Karnataka, particularly Bengaluru, is on edge after the confirmation that the second wave of the Covid 19 pandemic is underway. A second wave had been in the making for the past three months. Nearly four months ago, at a webinar hosted by Karnataka Janaarogya Chaluvali (KJC) titled, ‘Second Wave and Covid19 vaccines: Possibilities, preparedness and implications for the community- based preventive work’, the speaker Dr. Himanshu had rightly predicted that one needs to gear up for the second wave. He had warned that the government should not slacken the pace of its test-trace- treat strategy and people should not get complacent about following preventive measures such as wearing masks, handing washing and physical distancing. The onset of the second wave in Karnataka and few other states seem to indicate that we have faltered on both counts.
Cases across the country began steadily climbing from early march 2021. Unlike the first wave, the numbers quickly swelled. For example, during the first wave, it took 32 days to increase from 18000 to 50000. But now in the second wave, it took a mere 17 days for the cases to rise from 18,377 on March 11 to 50518 on 27 this year. In just a week, the rate of new infections have increased by 66% which was the largest week-on-week case growth witnessed in the country since May 10, 2020. As in the first wave, it is states like Maharashtra, Karnataka, Kerala and Punjab that are contributing to nearly 75% of the cases (See figure below). Other numbers in states like Gujarat, Tamil Nadu and Andhra Pradesh are also climbing up. It is expected that these states with higher levels of urbanization, industrialization, large cities and greater levels of intra -state, inter- state and international movements will get affected first. So one can expect other states such as UP, West Bengal, Orissa to experience the second wave somewhat later.
What explains the sudden advent of the second wave and its faster spread?
Several experts point out that the second wave is not ‘sudden’. It was to be expected because such has been the nature of various viral pandemics in the past. The word ‘wave’ means a pattern of peaks and valleys and implies that one can expect a rise even when there is trough. it has been observed that each wave is associated with certain factors such as seasons, climate, human activity patterns etc. and each wave differs in various ways such as its severity, who it affects and so on. Based on such studies, SARSCoV2 had been predicted to follow the past pandemic pattern of waves. For instance in early December, when large parts of Europe experienced the second wave it was found to be more severe than the first.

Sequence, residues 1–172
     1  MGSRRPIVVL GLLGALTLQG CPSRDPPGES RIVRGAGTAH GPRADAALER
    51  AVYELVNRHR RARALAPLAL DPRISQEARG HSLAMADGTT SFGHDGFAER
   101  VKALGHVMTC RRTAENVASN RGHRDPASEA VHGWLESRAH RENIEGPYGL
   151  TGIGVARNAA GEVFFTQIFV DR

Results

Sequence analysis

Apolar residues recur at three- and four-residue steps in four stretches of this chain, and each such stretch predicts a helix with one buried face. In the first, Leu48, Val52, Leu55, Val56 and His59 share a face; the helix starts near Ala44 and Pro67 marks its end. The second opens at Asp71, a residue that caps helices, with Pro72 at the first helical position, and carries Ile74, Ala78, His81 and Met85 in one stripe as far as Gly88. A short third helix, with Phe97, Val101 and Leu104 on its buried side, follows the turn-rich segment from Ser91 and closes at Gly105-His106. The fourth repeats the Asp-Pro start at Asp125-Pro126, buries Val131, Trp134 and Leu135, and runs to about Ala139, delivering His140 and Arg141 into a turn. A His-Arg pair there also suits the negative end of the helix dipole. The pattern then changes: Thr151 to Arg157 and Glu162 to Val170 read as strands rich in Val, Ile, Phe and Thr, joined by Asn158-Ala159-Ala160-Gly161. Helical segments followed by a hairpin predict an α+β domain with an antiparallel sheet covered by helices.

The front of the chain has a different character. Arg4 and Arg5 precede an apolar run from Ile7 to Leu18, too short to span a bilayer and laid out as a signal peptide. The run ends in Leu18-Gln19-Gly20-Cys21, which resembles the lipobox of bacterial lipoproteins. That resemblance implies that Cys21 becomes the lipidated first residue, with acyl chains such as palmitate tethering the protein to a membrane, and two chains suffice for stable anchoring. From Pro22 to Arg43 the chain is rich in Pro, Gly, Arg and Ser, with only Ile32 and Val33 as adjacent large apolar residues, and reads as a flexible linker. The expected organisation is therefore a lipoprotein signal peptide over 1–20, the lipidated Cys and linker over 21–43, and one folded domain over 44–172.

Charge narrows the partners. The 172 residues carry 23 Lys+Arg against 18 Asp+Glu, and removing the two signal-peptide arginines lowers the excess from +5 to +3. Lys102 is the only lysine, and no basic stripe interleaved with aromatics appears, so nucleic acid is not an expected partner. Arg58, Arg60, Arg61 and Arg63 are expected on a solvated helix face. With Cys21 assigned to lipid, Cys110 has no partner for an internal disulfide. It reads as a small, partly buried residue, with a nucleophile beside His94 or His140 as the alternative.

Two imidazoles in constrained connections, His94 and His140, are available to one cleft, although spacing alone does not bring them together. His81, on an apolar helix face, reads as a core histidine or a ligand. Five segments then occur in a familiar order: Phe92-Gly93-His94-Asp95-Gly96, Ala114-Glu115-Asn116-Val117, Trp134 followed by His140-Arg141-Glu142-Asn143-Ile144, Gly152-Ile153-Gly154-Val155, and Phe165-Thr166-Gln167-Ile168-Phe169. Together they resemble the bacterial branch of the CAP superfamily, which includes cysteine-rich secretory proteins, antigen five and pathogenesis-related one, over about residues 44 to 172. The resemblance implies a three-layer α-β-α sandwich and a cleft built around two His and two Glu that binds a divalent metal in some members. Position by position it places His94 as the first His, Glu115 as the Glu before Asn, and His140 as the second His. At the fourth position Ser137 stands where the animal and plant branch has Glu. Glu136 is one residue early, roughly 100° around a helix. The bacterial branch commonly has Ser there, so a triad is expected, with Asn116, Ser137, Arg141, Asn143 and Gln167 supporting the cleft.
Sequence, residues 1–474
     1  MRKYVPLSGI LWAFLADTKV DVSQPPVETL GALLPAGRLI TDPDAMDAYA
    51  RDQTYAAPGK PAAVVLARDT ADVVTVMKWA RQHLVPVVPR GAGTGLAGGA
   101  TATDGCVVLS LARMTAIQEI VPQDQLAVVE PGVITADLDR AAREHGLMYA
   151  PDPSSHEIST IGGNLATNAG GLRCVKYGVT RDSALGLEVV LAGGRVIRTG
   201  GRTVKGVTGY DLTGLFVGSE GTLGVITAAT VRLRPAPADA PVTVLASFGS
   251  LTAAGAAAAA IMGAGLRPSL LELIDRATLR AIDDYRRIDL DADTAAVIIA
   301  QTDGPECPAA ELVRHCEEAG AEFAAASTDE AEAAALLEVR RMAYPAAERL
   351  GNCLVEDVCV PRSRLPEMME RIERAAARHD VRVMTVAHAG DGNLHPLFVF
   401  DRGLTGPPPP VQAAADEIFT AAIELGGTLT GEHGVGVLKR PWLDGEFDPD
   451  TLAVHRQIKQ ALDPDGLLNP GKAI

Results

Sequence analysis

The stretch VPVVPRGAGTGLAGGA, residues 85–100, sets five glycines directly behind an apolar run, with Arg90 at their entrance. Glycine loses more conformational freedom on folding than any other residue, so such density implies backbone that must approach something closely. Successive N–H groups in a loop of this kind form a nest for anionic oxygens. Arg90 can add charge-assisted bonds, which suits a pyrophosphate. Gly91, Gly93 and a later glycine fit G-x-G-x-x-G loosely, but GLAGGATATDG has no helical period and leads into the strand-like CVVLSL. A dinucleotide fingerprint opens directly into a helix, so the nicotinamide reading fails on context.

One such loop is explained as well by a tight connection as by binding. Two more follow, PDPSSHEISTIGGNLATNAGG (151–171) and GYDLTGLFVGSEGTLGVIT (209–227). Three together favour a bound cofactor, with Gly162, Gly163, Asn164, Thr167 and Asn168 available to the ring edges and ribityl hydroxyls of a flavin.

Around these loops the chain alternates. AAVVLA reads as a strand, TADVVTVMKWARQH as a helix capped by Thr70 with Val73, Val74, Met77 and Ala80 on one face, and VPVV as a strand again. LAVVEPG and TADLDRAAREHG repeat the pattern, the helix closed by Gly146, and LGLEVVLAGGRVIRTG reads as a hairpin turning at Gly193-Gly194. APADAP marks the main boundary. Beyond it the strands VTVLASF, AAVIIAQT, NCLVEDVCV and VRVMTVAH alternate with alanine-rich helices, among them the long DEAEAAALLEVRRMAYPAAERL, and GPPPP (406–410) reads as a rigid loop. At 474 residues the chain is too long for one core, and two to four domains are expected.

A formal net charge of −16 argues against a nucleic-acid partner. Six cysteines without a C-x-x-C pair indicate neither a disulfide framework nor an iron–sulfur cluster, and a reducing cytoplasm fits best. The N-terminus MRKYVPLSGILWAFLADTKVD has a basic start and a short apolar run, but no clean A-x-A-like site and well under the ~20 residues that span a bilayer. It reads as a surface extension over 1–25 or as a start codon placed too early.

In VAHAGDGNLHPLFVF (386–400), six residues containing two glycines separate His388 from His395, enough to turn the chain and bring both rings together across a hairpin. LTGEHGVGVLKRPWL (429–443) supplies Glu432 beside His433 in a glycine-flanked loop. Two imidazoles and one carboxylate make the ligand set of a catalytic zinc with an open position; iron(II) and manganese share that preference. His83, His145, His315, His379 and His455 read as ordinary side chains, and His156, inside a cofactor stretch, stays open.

It has been pointed out that in India the political class became complacent when sero- prevalence rates reached 30 to 40% believing that we were close to reaching ‘herd immunity’. We now know that predictions about ‘herd immunity’ have been wrong. For example, initially it was predicted that at least 60% of the population has to be infected with the virus to attain herd immunity. But in Brazil the pandemic continues its unrelenting course even though sero- surveillance rate is around 73%.
This kind of misplaced preoccupation with herd immunity soon translated into laxity. Religious gatherings, rallies and election campaigns were permitted unhindered with a simultaneous dip in testing, tracking and surveillance activities. For instance, in a shocking case of gross neglect, the Karnataka government claimed that 570 international travelers of the total 2406 who arrived between 1st and 21st December 2020 had gone missing! So it is no surprise if we have several new strains of viruses from different countries entering and freely circulating in the country.
The other cause that experts are looking at is fatigue among people at having to keep up with the same level of precautions. For instance, BBMP has collected a whopping Rs 10 crore in fines over the last year indicating that people have failed to use masks consistently. It is understandable that people do get tired at having to constantly be on alert. But one must remember that as of now wearing masks, frequent hand washing and physical distancing are the only guaranteed ways in which one can keep oneself safe from the virus. All other interventions, be it treatment or vaccinations, continue to be work- progress. Only over time will we gain enough understanding about their effectiveness.
What about ‘mutant variants’ and different strains of the virus?
The genetic material of SARS-CoV-2 is the ribonucleic acid (RNA). A complete set of an organism’s RNA or DNA is called a genome. During the process of replication errors often occur which results in viruses that are similar but not exact copies of the original virus. These errors in the viral RNA are called mutations, and viruses with these mutations are called variants. Variants could differ by a single or many mutations. For example, an analysis of the samples collected from Maharashtra showed an increase in variants with two mutations (named E484Q and L452R mutations) as compared to the samples in December. Presence of mutations need not cause any change in infectiousness or virulence or in other words, the virus’ behavior. But when the mutation causes a change in behavior of the virus then it is called a strain. For example a study by the Imperial College London found the new strain in the UK to have an ‘R’ value of 1.45, while it was around 0.92 for the previous strain indicating that it is far more infectious than the earlier strain.